With the summer blockbuster season ending, the coming season promises to deliver more long-awaited films to screens big and small.
The variety of films offered this autumn might surprise audiences as the industry provides pre-pandemic levels of output, and produces a wealth of films focusing on the experiences of its female leads. If the latest film festivals are any indication of what’s to come, this season’s biggest titles are set to present a wide range of leading ladies.
If the 79th Venice Film Festival has demonstrated anything beyond a catalogue of global film, it’s that celebrity culture is alive and thriving. Behind-the-scenes personal drama threatened to overshadow the premiere of Olivia Wilde’s psychological thriller Don’t Worry Darling. The film will follow leading lady Florence Pugh as Alice, a young suburban house-wife slowly disillusioned by the strange company town she moves into. With the cast and crew at the head of the scandal, the film’s premiere further cemented speculations of creative differences and personal vendettas. Despite being highly anticipated, the picture received mixed reviews from critics ahead of its September 23rd release date.
From Cate Blanchett’s portrayal of a talented yet tortured classical composer in Tár to Tilda Swinton as both mother and daughter in The Eternal Daughter, there is no shortage of promising female-led film showcased at Venice set to release this autumn. Ana de Armas is expected to shine as Marilyn Monroe in Blonde after receiving a 14-minute standing ovation for her performance in the psychological drama. Monroe was a public topic of discussion earlier this year following Kim Kardashian’s appearance at the Met Gala wearing a dress previously owned by the actress, raising questions of the Hollywood star’s place in popular culture as a sex symbol comparable to that of Kardashian. In the wake of this media presence, the film will launch in theatres at the end of September and is available to stream September 23rd on Netflix.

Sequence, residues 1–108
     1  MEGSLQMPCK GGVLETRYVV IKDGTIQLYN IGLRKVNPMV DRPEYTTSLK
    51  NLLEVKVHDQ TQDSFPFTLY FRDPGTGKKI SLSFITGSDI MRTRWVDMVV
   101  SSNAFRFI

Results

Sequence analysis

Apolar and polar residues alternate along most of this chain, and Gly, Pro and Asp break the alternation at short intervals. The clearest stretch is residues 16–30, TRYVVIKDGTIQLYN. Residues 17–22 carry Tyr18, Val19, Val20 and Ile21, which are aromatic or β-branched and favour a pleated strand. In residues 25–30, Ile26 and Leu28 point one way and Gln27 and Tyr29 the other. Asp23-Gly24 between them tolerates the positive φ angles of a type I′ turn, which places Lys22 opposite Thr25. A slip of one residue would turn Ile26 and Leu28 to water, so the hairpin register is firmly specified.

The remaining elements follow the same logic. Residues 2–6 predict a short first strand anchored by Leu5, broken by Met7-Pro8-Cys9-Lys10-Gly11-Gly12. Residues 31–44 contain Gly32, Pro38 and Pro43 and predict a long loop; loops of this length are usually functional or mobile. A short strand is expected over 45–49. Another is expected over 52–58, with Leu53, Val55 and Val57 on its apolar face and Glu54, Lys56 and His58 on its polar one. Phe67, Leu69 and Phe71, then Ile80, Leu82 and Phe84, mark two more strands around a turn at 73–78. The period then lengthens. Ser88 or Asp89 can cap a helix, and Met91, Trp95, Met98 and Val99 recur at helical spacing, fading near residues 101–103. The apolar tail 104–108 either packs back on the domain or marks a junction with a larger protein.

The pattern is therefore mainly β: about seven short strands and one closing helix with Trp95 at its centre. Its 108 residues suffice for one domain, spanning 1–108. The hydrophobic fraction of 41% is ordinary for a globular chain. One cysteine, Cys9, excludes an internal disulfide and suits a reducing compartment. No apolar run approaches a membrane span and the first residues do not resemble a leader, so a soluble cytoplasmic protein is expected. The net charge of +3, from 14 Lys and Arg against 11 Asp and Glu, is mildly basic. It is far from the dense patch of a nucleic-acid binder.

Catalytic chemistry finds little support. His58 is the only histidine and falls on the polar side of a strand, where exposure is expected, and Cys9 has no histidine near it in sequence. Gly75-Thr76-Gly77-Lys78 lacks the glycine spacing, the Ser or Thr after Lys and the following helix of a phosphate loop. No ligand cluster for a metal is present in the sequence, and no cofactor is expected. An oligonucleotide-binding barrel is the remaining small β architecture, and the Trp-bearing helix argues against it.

The streaming giant Netflix (…) also has a slate of female-led films set to release this season
The streaming giant isn’t stopping there. Netflix has a slate of female-led films set to release this season. Beginning with September 16th’s release, with Maya Hawke and Camila Mendes in leading roles, the black comedy Do Revenge is a camp and colourful revision of Alfred Hitchcock’s Strangers on a Train, directed by Jennifer Kaytin Robinson, that was met with delight from audiences. Netflix will broaden its collection of crime drama as Alison Janney is the eponymous lead in Lou, coming on September 23rd, and Jessica Chastain plays the protagonist of The Good Nurse, coming October 19th. The popularity of Netflix and other streaming platforms alike over the coming months is assured, though theatrical releases this autumn are still sure to attract audiences.
Theatres will play host to the many Hollywood big-budget productions released this autumn, with such epics as The Woman King directed by Gina Prince-Bythewood, which marches into theatres September 16th. Following the box office success of Halloween Kills in 2021, Jamie Lee Curtis proves the viability of female-fronted horror and franchise films by reprising her role as Laurie Strode for the seventh time on October 14th in Halloween Ends. But horror isn’t just a psychopath in a mask this autumn. Horror is real and recognisable in Maria Schrader’s She Said coming to theatres November 18th. The film will follow The New York Times journalists Megan Twohey and Jodi Cantor, played by Carey Mulligan and Zoe Kazan respectively, and their exposure of Harvey Weinstein’s history of sexual abuse.
Wherever films are watched this autumn, the diversity of the biggest titles offered will be assured by the wide variety of women that will lead them. Though the future of film is far from female, the growing presence of women on-screen could encourage and support the presence of women within production and the industry altogether.